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School Safety

Welcome to FindLaw's School Safety section. Every student deserves a safe learning space. With the help of law enforcement and the U.S. Department of Education, public schools across the country are making school safety a top priority. Many K-12 school districts have taken steps to create a supportive learning environment. These environments allow students to focus on their studies without fear.

This section provides an overview of school safety laws. It contains information on school violence and weapons at school. Unfortunately, this is a common problem in schools across America. This section also provides information about schools' authority to administer medications and liability. It also contains information on enforcing school safety policies.

School Safety Issues at a Glance

Safe schools start with comprehensive school safety plans. These plans involve school personnel and school resource officers. Sometimes, they might involve homeland security experts. School systems take emergency preparedness very seriously. From threat assessments to emergency response, schools are ready to handle different situations.

There are many ways in which a student may face safety issues at school. Here are the main types of safety issues for most schools:

  • Bullying: This is a major concern. Many school massacres have traced bullying as the initial spark. Bullying can significantly impact a student's ability to learn and thrive. Social media and mobile devices have only increased the harmful impacts of cyberbullying. Bullying measures may now contain cybersecurity measures, as well.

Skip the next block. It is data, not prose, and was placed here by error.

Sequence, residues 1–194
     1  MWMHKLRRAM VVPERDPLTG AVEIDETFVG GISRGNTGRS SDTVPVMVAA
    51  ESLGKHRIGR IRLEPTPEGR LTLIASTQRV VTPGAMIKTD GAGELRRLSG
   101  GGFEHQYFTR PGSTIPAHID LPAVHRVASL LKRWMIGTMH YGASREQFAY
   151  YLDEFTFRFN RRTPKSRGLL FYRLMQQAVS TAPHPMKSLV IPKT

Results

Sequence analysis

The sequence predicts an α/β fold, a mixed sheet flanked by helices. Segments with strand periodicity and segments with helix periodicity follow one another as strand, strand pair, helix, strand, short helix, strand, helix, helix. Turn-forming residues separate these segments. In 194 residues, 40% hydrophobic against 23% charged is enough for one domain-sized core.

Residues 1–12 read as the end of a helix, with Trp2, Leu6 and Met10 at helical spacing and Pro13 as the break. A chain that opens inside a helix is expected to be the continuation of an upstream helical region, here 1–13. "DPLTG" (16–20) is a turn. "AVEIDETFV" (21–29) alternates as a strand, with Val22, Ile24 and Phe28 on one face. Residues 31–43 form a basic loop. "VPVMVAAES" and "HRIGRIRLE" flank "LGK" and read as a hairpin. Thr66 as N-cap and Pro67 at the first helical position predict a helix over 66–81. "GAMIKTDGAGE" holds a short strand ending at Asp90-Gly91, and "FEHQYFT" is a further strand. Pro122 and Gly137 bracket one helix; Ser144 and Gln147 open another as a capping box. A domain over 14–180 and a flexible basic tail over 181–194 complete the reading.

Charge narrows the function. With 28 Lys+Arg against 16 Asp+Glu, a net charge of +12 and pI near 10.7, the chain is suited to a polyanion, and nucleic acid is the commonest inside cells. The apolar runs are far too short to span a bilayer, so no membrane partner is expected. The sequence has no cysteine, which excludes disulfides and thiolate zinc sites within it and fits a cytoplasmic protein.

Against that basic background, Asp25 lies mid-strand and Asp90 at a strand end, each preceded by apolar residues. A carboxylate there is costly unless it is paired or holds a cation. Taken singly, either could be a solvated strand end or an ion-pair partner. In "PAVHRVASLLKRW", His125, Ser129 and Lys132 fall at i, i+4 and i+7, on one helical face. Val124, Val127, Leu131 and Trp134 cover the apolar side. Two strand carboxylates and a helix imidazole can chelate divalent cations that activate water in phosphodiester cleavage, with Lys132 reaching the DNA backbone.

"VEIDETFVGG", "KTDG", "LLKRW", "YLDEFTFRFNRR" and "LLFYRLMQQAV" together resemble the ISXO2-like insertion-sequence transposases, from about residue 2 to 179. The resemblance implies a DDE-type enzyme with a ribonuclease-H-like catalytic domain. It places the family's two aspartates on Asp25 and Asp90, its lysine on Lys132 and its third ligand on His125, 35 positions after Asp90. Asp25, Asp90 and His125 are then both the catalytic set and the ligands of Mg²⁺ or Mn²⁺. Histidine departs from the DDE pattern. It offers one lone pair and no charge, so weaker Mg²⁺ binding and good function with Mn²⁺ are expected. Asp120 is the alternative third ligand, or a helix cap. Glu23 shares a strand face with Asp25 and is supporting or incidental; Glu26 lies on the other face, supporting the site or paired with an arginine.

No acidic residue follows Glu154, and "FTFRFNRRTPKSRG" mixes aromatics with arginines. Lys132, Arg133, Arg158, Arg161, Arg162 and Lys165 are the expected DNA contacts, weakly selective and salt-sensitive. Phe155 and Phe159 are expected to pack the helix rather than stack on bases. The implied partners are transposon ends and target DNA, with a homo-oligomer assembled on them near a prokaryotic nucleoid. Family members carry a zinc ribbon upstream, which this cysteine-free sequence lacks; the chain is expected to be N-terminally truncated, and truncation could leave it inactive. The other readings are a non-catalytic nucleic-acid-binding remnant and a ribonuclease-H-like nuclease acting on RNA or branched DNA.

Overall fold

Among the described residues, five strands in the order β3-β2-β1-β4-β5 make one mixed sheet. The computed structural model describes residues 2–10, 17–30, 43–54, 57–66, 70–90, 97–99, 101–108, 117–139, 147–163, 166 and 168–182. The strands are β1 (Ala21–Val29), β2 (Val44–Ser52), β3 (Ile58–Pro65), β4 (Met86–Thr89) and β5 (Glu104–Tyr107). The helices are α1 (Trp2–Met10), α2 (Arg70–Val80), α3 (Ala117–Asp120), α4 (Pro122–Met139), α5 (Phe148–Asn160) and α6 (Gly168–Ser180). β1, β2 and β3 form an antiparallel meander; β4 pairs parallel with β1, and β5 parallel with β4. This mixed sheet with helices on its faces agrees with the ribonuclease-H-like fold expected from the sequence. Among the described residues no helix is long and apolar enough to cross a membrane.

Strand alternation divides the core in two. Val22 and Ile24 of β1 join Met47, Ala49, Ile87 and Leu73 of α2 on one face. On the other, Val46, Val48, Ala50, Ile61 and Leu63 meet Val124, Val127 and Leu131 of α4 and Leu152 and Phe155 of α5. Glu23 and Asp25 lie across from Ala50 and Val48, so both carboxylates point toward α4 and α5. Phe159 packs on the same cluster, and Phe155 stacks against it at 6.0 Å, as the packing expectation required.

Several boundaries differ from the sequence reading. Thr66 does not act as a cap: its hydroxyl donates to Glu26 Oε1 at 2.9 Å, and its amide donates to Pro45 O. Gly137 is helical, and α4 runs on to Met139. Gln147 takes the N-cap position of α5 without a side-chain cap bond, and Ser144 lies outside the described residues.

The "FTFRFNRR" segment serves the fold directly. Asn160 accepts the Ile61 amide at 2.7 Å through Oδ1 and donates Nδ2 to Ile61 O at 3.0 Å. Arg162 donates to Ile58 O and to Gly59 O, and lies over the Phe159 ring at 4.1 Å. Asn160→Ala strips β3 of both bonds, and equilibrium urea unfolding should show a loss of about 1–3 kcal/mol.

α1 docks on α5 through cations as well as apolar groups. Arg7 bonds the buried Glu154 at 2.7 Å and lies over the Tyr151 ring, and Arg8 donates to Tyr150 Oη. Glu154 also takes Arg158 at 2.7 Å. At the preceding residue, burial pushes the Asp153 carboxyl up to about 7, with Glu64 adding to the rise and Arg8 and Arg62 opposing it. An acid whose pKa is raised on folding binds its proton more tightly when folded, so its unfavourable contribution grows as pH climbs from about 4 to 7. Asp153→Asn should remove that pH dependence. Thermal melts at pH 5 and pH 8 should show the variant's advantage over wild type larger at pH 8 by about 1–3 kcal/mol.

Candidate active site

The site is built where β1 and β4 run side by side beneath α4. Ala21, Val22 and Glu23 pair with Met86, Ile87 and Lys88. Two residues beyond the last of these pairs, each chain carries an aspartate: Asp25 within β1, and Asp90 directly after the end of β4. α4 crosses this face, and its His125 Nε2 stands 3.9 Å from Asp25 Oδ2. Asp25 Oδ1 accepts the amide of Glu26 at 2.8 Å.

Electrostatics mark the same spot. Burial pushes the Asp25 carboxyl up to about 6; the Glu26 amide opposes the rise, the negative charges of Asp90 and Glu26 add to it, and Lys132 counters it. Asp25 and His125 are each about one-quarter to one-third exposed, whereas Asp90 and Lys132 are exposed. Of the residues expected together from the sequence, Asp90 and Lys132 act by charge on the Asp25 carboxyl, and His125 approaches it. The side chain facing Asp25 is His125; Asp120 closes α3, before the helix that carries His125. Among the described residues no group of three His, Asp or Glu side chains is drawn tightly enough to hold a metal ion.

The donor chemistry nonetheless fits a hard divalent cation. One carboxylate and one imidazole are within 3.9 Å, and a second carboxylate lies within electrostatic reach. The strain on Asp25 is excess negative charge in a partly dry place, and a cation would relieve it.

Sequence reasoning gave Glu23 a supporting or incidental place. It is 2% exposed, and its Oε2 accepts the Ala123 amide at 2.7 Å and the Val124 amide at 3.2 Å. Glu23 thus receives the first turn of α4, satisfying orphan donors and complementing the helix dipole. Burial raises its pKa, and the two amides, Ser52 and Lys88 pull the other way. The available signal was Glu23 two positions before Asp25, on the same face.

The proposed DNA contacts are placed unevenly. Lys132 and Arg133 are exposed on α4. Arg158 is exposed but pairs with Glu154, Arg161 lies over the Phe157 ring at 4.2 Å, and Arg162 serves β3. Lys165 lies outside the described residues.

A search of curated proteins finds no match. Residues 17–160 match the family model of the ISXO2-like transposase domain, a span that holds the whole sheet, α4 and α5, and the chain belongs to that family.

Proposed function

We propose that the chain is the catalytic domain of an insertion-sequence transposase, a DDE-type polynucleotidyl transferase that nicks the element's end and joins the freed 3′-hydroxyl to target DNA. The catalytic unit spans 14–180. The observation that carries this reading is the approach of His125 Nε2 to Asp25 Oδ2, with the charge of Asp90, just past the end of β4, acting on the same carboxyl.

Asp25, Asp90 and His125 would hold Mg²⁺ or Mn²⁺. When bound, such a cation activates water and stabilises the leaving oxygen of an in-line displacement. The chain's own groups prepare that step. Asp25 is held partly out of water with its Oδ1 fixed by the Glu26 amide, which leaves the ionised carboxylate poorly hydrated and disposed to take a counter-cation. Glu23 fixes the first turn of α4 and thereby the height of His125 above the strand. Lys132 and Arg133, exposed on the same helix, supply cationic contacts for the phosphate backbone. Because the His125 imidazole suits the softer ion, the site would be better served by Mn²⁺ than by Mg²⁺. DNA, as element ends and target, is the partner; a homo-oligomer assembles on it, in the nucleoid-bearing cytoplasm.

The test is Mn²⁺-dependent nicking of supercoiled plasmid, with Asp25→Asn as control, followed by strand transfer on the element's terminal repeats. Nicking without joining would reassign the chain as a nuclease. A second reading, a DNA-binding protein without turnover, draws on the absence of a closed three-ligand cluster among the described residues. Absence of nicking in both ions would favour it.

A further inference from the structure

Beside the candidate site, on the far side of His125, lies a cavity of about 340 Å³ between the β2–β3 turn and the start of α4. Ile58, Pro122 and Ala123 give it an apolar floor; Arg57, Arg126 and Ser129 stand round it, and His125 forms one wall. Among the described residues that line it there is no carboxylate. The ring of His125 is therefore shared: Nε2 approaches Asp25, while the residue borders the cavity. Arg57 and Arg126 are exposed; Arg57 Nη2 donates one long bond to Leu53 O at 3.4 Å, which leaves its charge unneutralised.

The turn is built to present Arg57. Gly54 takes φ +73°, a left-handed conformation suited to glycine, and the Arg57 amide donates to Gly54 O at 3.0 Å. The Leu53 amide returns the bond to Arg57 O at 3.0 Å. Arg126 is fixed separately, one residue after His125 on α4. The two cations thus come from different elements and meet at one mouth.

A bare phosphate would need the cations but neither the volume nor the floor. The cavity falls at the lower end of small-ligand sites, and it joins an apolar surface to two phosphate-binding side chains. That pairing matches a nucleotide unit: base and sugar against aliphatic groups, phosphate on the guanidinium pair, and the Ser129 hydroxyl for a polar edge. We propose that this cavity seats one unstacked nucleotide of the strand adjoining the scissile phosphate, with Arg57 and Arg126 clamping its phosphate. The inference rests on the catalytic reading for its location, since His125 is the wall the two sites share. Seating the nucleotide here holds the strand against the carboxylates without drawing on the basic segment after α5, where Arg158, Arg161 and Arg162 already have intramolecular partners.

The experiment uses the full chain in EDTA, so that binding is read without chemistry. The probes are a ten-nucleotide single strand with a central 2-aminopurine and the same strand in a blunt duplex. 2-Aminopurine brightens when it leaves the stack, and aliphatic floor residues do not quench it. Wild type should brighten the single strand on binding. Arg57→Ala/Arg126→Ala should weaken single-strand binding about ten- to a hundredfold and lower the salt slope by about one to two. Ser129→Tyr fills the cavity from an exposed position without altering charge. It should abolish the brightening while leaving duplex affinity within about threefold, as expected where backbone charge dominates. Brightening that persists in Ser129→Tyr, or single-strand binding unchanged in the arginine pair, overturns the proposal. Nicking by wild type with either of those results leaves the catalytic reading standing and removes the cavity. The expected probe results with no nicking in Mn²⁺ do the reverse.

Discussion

• Premises liability: Schools must maintain a reasonably safe environment. This is similar to homes and businesses. This means they must maintain the upkeep of the premises. If there are any hazards, the school could be liable for any injuries resulting from the hazard.
  • School-related product safety: Are the lunch trays lined with a dangerous level of Bisphenol A (BPA)? Are items in the science lab safe for students to use?
  • Teachers and administrators: School staff must be aware of safety hazards. They also must be in tune with student concerns. Teachers need to keep an eye out for any actions by students or staff that may compromise student safety.
  • First Amendment issues: Students have the right to free speech and expression. This only is up to a certain point. Students may not act in a way that compromises another student's safety or ability to learn.

School Violence

Unfortunately, mass shootings in schools have become somewhat common. Consider the tragic massacres in Littleton, CO (Columbine) in 1999. Also, consider the Newtown, CT tragedy (Sandy Hook) in 2012. Both incidents involved troubled teens targeted by bullies. They also suffered from mental health disorders. Preventing these tragedies has become of utmost importance in America.